One of the many knock-on effects of Marvel making post-credit scenes a feature of the studio’s cinematic universe is that fans get a glimpse of just how many “below-the-line” workers it takes to make all that superhero movie magic. Production designers, hair and makeup folks, camera operators, the lists run on and on. Amongst them, usually toward the end, as theatergoers are eagerly anticipating that tease for the next MCU movie, are lists of the visual effects studios—places with names like Framestore, The Third Floor, Cinesite—that created all of those space scenes and Wakanda visuals. But unlike most of the other names in those credits, the ones attached to VFX artists have never been in a professional union.
On Monday, some folks at Marvel made a move to change that, with a supermajority of Marvel Studios’ VFX crew signing cards saying they want to be represented by the International Alliance of Theatrical Stage Employees (IATSE).
To be clear, the Marvel team is a small faction of a huge industry and doesn’t represent all those outside VFX houses that also work on MCU films. But their move marks a huge shift in Hollywood at a time when people in other industry unions—the Writers Guild of America (WGA) and the Screen Actors Guild—American Federation of Television and Radio Artists (SAG-AFTRA)—are on strike to get better deals with the major studios. VFX workers have been talking about unionizing for more than a decade, says Bilali Mack, a VFX supervisor who has worked on everything from The Whale to The Flash. The fact that one group, albeit a small one, has taken steps to unionize is “huge,” he says.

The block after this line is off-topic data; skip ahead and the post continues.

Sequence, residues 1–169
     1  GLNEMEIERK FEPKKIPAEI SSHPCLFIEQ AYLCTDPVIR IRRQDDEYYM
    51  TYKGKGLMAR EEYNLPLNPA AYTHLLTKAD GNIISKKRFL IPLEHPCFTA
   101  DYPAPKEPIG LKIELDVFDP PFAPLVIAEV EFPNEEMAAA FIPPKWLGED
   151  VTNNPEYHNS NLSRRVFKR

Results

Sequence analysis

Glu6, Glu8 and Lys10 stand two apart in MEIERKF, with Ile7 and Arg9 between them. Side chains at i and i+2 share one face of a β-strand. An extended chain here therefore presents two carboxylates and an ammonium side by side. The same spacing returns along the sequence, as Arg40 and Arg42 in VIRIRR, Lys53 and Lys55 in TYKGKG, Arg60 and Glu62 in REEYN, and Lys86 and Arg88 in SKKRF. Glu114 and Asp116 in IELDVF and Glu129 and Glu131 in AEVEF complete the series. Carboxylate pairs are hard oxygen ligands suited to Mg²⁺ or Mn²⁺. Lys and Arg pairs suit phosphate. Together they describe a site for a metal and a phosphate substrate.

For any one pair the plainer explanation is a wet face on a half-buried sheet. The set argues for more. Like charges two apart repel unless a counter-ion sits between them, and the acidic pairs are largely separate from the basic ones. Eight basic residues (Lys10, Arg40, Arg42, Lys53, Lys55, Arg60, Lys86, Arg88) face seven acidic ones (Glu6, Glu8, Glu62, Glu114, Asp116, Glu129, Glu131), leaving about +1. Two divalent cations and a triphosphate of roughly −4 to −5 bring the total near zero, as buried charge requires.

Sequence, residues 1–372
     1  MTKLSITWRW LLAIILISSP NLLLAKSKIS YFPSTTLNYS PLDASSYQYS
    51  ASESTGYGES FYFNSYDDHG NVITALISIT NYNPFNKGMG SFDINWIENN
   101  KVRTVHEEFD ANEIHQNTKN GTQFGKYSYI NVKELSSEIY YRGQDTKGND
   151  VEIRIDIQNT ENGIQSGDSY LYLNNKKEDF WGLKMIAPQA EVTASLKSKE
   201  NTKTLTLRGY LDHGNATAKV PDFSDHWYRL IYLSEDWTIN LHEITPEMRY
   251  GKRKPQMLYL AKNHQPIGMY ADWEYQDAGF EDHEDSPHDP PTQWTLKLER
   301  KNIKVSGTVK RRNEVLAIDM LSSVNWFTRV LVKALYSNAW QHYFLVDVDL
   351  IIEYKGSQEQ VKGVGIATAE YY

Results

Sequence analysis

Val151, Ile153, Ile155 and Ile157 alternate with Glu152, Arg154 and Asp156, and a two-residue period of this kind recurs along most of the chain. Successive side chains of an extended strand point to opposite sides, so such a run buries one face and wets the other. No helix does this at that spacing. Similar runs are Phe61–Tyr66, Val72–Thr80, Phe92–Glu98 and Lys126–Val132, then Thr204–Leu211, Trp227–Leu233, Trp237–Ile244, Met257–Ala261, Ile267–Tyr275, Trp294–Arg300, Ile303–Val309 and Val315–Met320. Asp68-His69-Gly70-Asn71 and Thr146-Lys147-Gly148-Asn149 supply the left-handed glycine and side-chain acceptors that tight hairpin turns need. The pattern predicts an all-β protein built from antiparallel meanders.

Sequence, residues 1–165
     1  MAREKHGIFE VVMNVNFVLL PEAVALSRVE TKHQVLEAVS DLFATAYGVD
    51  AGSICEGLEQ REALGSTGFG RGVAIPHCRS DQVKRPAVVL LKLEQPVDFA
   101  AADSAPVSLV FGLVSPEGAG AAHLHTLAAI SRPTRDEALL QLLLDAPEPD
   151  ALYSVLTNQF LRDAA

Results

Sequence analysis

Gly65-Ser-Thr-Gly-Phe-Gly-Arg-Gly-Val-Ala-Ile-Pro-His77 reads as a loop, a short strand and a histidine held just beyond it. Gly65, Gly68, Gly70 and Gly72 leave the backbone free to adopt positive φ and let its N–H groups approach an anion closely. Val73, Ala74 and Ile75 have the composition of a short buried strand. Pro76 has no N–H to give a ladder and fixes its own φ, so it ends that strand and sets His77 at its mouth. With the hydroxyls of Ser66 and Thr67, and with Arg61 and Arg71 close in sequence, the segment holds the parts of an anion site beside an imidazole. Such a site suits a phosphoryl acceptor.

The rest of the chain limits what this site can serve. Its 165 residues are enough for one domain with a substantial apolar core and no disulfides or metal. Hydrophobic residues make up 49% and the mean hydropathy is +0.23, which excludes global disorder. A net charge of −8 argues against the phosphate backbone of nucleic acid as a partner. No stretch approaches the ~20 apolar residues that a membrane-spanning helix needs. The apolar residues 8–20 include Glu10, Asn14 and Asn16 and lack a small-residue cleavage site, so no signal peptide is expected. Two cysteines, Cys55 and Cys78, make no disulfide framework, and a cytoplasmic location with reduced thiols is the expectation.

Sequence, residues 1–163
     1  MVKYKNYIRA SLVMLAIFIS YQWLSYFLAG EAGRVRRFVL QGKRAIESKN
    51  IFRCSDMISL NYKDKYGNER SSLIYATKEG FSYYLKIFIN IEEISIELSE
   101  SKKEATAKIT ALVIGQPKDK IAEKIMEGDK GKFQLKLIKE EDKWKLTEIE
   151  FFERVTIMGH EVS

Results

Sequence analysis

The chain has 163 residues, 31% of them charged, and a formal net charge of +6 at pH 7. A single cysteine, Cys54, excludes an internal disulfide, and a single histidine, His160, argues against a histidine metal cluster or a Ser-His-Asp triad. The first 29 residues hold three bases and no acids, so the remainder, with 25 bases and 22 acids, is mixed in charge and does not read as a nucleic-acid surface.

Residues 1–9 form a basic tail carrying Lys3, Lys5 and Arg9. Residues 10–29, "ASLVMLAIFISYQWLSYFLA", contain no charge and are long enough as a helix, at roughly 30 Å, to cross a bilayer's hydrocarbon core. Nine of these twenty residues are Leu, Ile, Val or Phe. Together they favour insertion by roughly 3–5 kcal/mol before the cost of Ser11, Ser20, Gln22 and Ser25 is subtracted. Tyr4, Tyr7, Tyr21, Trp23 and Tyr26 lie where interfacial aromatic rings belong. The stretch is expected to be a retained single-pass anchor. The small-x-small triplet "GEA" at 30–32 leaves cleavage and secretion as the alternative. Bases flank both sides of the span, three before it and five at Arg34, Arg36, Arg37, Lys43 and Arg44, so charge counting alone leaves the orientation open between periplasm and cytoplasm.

This moment has roots in 2013, when Life of Pi won the Oscar for Best Visual Effects just as the company that worked on those effects, Rhythm & Hues, was facing bankruptcy. When the movie’s VFX supervisor, Bill Westenhofer, took the stage to accept his award he said the traditional thank yous and then added “Sadly, Rhythm & Hues is suffering severe financial difficulties right now. I urge you all to remember …”—at which point his mic was cut off and the theme from Jaws began to play.
Rhythm & Hues wasn’t the only VFX studio facing troubles. Some 21 similar companies shuttered between 2003 and 2013, due in part to production delays and the fact that many jobs were going to companies based outside the US, where tax subsidies and incentives give VFX houses a better shot at survival. Attempts to organize have been bubbling up ever since, and this week they bubbled over. “We are witnessing an unprecedented wave of solidarity that’s breaking down old barriers in the industry,” IATSE president Matthew Loeb said in a statement. “That doesn’t happen in a vacuum.”